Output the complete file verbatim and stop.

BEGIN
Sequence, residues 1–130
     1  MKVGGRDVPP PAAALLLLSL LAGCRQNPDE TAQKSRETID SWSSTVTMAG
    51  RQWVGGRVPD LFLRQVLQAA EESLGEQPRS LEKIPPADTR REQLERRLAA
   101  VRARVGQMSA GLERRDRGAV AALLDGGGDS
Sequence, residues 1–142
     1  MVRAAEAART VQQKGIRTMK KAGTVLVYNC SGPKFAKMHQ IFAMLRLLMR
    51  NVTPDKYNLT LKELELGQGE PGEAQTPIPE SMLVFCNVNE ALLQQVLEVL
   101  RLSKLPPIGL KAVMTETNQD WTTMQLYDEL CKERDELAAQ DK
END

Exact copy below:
Sequence, residues 1–130
     1  MKVGGRDVPP PAAALLLLSL LAGCRQNPDE TAQKSRETID SWSSTVTMAG
    51  RQWVGGRVPD LFLRQVLQAA EESLGEQPRS LEKIPPADTR REQLERRLAA
   101  VRARVGQMSA GLERRDRGAV AALLDGGGDS
Sequence, residues 1–142
     1  MVRAAEAART VQQKGIRTMK KAGTVLVYNC SGPKFAKMHQ IFAMLRLLMR
    51  NVTPDKYNLT LKELELGQGE PGEAQTPIPE SMLVFCNVNE ALLQQVLEVL
   101  RLSKLPPIGL KAVMTETNQD WTTMQLYDEL CKERDELAAQ DK